On Tuesday, Twitter announced that as of December 11, in accordance with its stated policy, it will begin closing inactive accounts that have not logged into its network for six months, and freeing up their names.
Seems fair enough: an account that has not logged on in the last six months, or sometimes for years, could be deemed inactive, so why not close it and allow its name to be reused by someone else? All the @Joan_Smithaab2671s out there will be grateful and it will clean the service up and provide a better picture of just how many people and organizations use it.
And yet… things are rarely as simple as they seem. The reasons for an inactive account are many, and one of them in is the death of the user. In some cases, this this inactive account should be closed, but in others, the content may have a certain sentimental or even historical value, depending on the profile of the deceased. As a result, and in the absence of an option (yet) on Twitter to memorialize accounts, as is the case with Facebook, some relatives have tried to hold onto the accounts of their deceased loved ones, and there have even been mass initiatives to try to prevent this from happening, in the absence of an option on Twitter to memorialize accounts..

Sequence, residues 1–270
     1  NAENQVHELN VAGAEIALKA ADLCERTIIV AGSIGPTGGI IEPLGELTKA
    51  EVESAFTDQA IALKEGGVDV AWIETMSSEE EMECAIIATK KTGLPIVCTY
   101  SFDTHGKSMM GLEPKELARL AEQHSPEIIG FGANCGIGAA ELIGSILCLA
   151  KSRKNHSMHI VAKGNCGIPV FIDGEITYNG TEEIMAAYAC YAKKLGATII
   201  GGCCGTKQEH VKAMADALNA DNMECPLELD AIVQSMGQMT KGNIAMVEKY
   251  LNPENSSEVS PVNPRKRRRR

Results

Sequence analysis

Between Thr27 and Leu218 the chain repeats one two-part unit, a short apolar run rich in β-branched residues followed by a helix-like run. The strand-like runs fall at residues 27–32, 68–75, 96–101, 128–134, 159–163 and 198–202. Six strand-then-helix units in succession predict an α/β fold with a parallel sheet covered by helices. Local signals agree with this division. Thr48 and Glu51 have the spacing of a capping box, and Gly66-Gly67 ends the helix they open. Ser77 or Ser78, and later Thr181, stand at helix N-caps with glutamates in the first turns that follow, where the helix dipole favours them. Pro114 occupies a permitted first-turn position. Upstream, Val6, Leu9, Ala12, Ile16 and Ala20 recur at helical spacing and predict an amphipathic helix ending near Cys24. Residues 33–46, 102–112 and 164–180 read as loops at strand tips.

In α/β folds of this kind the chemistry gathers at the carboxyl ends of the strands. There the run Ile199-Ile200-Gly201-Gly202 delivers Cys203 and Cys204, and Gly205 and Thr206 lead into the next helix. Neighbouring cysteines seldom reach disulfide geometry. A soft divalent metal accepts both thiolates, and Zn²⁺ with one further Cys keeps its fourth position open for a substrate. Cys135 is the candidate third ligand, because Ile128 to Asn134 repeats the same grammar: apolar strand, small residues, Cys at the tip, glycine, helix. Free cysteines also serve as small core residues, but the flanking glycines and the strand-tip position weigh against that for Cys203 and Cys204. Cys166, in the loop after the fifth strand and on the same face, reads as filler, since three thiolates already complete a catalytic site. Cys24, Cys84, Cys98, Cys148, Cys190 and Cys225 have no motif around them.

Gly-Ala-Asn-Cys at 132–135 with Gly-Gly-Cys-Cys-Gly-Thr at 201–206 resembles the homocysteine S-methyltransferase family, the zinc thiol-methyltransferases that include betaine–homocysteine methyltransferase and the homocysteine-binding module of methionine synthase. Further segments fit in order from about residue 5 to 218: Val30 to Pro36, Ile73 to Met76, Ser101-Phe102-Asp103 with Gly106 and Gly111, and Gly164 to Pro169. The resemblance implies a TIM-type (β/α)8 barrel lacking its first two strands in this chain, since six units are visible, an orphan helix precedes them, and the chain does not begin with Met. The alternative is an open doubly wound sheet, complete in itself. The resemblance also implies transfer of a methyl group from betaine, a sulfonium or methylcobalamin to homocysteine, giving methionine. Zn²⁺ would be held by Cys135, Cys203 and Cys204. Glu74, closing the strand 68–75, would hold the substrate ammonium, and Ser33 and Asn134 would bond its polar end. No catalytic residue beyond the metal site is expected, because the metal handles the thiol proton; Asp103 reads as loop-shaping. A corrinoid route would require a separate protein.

In the cases of public figures, their accounts can be passed on to an administrator who tries to preserve their legacy. In others, these accounts simply cease being active, and if no one has the login information, they disappear. Twitter offers the possibility of preserving the information they contain by downloading it, but this can only be done if you have a valid login, and furthermore, it does not prevent this information from losing all its relevance by disappearing definitively from the web and search engines.
A further complication arises in trying to pass those inactive accounts to other people: an idea that might make a lot of sense, were it not for the fact that, in many cases, we are talking about potentially interesting accounts, which were opened when the level of competition for a good user name was significantly lower. Now, many accounts with simple names can become objects of desire for many, which will surely lead to unscrupulous individuals trying get those names through bots to then sell them to the highest bidder.
As we have come to learn from social networks what seemed like a good idea can end up creating all kinds of problems. A few hours after this decision, Twitter communicated that they will be stopping the culling of inactive accounts at least until they can start offering a memorialization scheme. Obviously, things are never as simple as they seem…
(En español, aquí)